Is your glass half full?

“Perhaps I’m in the minority here, but reading all of these comments, it makes it sound like this kind of move is hugely detrimental to a senior, filled with doom and gloom. . . I guess, there are as many people that see the glass half empty as there are seeing it half full!” Click here for full text of this comment

I have been thinking about this comment ever since it was posted on the blog. In my 20 year career, I have heard statements like “I will never move to a home”, or “My mom refuses to move to a home” countless times. Imagine if you are someone who made that statement and you now find yourself or a loved one actually moving into a “home”. You can see how its hard to get really excited about this life transition.

When I was living in Paul Spring I became much more aware of the stigma that rests on senior housing options and consequently on the shoulders of the residents. For example, at a community event one resident shared with everyone in the room how to her surprise she has benefitted from living in the community, and when she recommended to a friend to consider moving in, her friend said “there is no way I will ever move to an old age home.” Even if you really love a community, when you hear statements like this enough I can see how it might affect your esteem and attitude.

Many of the residents I met went through tremendous loss prior to moving in, however for the most part they balanced themselves with a positive attitude. I think the saying “attitude is everything” is very appropriate to making this transition a smooth one. I really think this is an area where family, community and loved ones can be very helpful to giving new residents every chance to maximize the benefits of the transition and become part of a community.

I put together a video that trys to articulate some of my thoughts on this, it’s definately not an easy subject – I would appreciate questions, comments and challenges on this topic.

1 Comment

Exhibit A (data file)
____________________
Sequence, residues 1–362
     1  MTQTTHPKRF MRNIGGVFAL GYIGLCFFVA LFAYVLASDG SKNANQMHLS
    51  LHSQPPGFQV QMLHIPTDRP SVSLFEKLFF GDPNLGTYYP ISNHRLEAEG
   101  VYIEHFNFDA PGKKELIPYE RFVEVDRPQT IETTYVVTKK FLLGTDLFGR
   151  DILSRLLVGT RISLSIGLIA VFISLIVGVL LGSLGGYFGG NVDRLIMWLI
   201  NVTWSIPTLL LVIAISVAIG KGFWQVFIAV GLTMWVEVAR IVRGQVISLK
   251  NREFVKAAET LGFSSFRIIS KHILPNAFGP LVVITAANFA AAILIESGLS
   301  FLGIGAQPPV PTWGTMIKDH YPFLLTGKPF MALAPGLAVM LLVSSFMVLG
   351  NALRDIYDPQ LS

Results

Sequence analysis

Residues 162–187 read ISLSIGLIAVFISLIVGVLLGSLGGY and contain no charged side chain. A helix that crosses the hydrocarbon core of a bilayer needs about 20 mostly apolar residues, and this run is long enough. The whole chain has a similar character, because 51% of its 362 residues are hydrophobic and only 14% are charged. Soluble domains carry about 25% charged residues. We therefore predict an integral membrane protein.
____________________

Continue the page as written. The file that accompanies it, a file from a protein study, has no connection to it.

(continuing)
• Nancy Loyd

    Dear Steve,

    I loved your ½ empty, ½ full comments about your experience as a 43 y/o in an elder community. Years ago we helped move a man who held 4 cabinet positions to a life-care community because his wife was failing. As she declined, she got all the care she needed and he could walk to visit her. When she died, his Washington friends expected him to move back to town. He told them he was staying put; he loved the kinship and convenience of his community.

    I spent nearly every weekend of my high school years (‘62-’66) volunteering in a “home” for the aged, Carroll Manor, in Hyattsville, MD. Each resident lived in her/his own single room. Thinking about it now I realize that they had different levels of care – Independent, assisted, senile and nursing, but it was still a ‘home’. (Back then, the severely loopy folks were called “senile”. We didn’t have a name for what ailed the woman with decent social skills and 2 dresser drawers full of napkins and sugar packets.)

    Elder housing has made HUGE strides since the 60’s. (For the 15 years we’ve had Busy Buddies, Mary Ann has called the wonderful communities we work with in the metro area, cruise ships on land.) Unfortunately, I would guess outside our sphere, 85% of the general population still thinks of any type of elder housing as the “home” with it’s built in stigmas. They may know the word Alzheimer’s but not know there are dozens of types of dementia. They may also know the term Assisted Living but it applies to all senior housing and the “home”.

    I like the sound of life-care communities.

    I think it would serve us well to somehow spread the knowledge we have to the general population and stop using confusing words.

    Two that come to mind are:
    Lifestyle transition – folks are moving, not having hormone treatments and surgery on private parts.

    Retirement coordinator – when I finally get to retire, I definitely don’t want someone else coordinating it, but I may need to talk to a market/sales person about moving to a life-care community.

    Relocation Stress Syndrome (RSS) or transition trauma is a well-documented phenomenon for any age. Here’s an excellent article:

    Thanks for your insights, Steve. Let’s start informing our peeps.

    Nancy Loyd

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